Q: How did El Niño get it’s name?
A: The climate pattern formed by warmer water in the Pacific Ocean known as El Niño, which is Spanish for “little boy,” was named centuries ago by South American fishermen who would notice the higher temperatures around Christmas, according to the National Oceanic and Atmospheric Administration.
Climate scientists last week predicted temperatures will be warmer across the U.S. this winter because of the El Niño forming. Wisconsin and some other northern states will have a drier winter while the southern third of the country will be wetter than normal.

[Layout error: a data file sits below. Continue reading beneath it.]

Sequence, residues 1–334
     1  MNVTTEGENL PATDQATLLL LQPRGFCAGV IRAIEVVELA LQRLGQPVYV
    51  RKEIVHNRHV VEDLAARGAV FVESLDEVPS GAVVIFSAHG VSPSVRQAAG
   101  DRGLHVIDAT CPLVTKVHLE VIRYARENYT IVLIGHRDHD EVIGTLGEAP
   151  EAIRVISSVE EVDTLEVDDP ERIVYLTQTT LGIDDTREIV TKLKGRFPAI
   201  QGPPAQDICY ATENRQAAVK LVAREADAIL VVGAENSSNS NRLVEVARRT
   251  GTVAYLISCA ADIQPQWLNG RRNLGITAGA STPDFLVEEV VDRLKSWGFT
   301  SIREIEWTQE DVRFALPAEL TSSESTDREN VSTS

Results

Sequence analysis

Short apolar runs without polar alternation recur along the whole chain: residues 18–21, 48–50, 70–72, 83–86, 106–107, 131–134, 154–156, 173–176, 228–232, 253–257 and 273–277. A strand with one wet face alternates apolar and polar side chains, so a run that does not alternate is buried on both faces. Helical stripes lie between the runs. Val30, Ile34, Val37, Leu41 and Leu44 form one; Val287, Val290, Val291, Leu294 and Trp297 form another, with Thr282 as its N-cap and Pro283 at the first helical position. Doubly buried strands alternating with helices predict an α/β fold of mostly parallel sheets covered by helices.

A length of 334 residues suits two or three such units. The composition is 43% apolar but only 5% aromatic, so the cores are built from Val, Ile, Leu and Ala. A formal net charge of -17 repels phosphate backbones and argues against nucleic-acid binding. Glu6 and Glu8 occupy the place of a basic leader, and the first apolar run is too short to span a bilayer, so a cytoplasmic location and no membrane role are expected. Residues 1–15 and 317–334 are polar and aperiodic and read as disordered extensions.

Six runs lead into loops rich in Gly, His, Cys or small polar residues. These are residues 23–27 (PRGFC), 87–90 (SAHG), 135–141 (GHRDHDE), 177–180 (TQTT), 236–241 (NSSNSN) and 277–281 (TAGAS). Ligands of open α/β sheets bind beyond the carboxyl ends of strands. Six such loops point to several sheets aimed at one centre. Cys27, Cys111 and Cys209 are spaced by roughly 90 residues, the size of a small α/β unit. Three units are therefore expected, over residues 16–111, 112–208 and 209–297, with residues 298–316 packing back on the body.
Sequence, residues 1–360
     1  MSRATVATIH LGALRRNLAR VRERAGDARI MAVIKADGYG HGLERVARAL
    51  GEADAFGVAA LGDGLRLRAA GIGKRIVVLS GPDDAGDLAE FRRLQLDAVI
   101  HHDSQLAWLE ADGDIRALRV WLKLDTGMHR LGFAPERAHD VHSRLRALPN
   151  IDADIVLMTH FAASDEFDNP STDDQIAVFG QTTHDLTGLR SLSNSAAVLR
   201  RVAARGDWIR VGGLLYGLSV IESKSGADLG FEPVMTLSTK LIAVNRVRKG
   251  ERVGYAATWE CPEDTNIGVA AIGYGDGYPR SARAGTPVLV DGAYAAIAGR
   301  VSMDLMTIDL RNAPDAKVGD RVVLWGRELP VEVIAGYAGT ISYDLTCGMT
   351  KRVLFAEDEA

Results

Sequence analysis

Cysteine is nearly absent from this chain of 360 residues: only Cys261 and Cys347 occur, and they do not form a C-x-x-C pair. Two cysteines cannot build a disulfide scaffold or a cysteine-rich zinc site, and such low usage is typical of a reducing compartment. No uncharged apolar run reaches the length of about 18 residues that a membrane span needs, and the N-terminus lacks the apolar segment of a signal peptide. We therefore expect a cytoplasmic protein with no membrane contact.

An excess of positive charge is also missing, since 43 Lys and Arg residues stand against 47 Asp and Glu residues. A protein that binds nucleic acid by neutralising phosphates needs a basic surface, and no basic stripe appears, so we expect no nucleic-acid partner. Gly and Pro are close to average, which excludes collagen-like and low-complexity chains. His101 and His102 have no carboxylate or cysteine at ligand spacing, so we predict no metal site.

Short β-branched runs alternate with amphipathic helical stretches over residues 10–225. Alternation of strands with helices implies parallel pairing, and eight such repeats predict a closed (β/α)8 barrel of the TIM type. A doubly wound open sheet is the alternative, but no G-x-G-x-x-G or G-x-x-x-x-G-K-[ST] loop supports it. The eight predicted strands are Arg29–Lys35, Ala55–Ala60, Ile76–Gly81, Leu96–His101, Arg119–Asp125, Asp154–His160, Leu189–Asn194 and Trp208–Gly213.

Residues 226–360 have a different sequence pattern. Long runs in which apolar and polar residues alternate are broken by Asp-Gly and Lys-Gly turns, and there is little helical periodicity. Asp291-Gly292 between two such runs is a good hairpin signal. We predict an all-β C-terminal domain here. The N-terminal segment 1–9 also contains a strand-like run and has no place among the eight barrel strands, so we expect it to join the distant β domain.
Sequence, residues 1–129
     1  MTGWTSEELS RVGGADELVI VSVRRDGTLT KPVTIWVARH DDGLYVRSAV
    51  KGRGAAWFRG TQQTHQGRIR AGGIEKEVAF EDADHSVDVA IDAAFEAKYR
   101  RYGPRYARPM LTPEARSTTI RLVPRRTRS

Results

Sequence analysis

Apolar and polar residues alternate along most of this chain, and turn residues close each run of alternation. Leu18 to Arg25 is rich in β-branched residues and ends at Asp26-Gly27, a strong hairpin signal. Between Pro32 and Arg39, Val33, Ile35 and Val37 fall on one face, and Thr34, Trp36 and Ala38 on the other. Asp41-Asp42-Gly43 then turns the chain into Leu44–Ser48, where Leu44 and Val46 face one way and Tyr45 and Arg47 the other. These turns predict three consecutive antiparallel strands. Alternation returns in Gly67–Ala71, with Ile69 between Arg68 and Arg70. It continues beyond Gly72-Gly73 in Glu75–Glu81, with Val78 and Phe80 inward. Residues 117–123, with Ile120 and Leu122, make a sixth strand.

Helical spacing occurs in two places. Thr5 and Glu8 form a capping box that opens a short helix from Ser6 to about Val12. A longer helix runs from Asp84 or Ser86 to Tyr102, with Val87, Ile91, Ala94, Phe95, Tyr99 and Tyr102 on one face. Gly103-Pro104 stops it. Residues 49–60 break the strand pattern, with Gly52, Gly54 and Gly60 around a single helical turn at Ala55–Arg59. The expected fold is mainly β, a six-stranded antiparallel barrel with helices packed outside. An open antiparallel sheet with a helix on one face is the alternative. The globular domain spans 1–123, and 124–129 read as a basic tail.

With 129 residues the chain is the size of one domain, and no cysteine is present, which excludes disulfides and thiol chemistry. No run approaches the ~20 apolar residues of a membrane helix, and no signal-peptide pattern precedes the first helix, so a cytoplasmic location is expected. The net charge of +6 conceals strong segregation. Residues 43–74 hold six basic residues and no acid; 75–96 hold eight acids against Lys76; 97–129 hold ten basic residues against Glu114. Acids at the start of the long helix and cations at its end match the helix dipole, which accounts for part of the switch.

The warm water alters jet stream patterns in a predictable way, so scientists are able to predict general patterns for the winter.
Surface water in the Pacific Ocean can also be cooler than normal. Scientists identified this pattern and its effects in the 1980s, and dubbed it La Niña, meaning “little girl” in Spanish. La Niña produces almost opposite effects across the U.S.
El Niño and La Niña can vary in their strength, which affects how strongly the weather patterns are changed.
Between El Niño and La Niña patterns, surface water in the Pacific Ocean can be closer to its long-term average.
These climate changes shift back and forth irregularly every two to seven years.
— Shelley K. Mesch